Before I ever send my dogs over the French Ring palisade, I teach them proper technique using an a-frame. It can be an agility or Schutzhund a-frame, or doesn’t even have to be a formal (ie certain measurements) a-frame for another sport, but simply something made of a couple pieces of plywood and some hinges. I also teach my dogs to go to a “place” and stay there, this isn’t required for this technique, but is handy for many things, not just the a-frame/palisade.
Starting with the a-frame at a height where I can control the dog the entire way up and down, I have them run up and over the a-frame, while telling them “place” as they are coming down the back side. I want them to go all the way down to the ground on the a-frame, and NOT jump off. When they get to their place they are rewarded and then released. If your dog doesn’t know “place” you can put food or a toy at the bottom of the a-frame and guide them to it. I do this repeatedly until the dog is consistently going all the way down the back side of the a-frame and either stopping at their place, or grabbing the toy and continuing on. The dog is NEVER allowed to jump off the back side of the a-frame. If they do jump off, they are not rewarded, and the next time they do it I will make them pause at the top of the a-frame for a second, then come down the back side slowly.
Once the dog is consistently going all the way down the back side, I increase the height of the a-frame, making it steeper, and repeat the steps in part 1. I will continue to increase the steepness of the a-frame until it either can’t go any higher/steeper, or the dog is sliding down the back side in an effort to stop at the bottom, unable to stop until they hit the ground.
After the technique is solid, I will lower the a-frame to the point the dog can run down the back side, instead of sliding, and teach the concept of going over, waiting, then coming back. This is best done with a helper to verify the dog is going all the way down the back side of the a-frame, and also to prepare them for the return. Standing on one side of the a-frame I will send the dog up and over. After they stop on the back side, my helper will take the dog 3-4 feet away from the a-frame and send them back over it to me. This is where having a “place” really comes in handy, as you can replace the helper on the back side with a “place” command, have your dog go to place, wait, then return on command.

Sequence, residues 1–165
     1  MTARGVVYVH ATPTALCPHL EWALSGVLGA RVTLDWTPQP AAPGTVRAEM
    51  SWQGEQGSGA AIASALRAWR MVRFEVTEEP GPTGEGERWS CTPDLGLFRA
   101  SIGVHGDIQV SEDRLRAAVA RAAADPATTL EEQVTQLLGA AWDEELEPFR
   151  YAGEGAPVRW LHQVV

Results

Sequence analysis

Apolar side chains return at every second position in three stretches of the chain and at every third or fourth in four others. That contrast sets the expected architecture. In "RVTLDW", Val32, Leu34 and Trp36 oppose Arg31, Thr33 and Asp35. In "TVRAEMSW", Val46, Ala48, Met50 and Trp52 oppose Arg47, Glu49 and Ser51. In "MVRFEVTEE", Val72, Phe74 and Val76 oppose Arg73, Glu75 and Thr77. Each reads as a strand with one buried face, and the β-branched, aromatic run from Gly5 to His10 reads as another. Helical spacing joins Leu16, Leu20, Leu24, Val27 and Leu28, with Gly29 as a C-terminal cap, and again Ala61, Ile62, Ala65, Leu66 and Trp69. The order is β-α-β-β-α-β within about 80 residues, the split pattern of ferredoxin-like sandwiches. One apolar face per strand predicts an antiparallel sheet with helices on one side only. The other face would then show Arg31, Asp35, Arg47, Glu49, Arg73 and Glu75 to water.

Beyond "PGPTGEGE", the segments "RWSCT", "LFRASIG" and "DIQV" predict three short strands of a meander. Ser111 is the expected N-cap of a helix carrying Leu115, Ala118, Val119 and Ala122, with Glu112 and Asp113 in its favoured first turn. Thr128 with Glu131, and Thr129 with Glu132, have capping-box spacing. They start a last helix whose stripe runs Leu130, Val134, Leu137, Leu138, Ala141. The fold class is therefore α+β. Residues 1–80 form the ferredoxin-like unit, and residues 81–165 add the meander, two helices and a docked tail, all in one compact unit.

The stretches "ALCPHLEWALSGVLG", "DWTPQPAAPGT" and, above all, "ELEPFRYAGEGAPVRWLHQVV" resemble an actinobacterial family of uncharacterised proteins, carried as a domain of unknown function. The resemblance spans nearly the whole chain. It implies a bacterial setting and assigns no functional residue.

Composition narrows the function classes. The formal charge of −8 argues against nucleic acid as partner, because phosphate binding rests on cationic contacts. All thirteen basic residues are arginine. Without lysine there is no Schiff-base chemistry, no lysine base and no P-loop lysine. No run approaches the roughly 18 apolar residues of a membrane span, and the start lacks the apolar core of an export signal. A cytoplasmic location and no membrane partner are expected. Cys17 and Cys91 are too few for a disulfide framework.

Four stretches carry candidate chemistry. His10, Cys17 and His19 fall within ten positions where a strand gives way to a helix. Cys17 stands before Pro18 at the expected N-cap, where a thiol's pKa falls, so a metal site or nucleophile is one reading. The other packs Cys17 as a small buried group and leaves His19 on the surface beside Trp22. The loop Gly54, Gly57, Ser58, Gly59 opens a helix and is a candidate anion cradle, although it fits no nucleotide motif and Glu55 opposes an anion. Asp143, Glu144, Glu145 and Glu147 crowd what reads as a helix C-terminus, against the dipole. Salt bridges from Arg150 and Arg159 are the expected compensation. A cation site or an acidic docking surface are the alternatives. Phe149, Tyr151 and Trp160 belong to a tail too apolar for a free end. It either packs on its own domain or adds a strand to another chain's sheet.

Then next step before we finally do the actual palisade is to have the dog in a stay, a couple meters away from the a-frame, while I go stand next to the a-frame, in the same position I would be in if we were doing the palisade in a trial. I will send the dog over the a-frame (out jump) and to their place marker or toy, and have them down/stay. I move to where the dog was originally sitting, and recall the dog back over the a-frame. If the dog anticipates the recall, I will send them over the a-frame to their place, then while they are holding the stay throw a toy over the a-frame to reward the stay. Then we start over again with the out jump.
At this point I will introduce the palisade. The first time I put them over the palisade I like to do a few a-frames first, just to set the tone. Then we move to the palisade and start with step 4, replacing the a-frame with the palisade. Using this technique 99% of my dogs have jumped the palisade without issue the first time they were shown it. And they have proper technique on the back side, coming down the side of the palisade and then dropping to the ground vs launching off the top.
Throughout a dogs FR career I keep an eye on their palisade technique, and we will go back and work the a-frame on a semi-regular basis, to keep them consistent. If a dog starts launching off the top of the palisade, and it’s not corrected immediately, it is very easy for them to build a habit that can be difficult to fix, and also hard on their bodies.
© 2011 Kadi Thingvall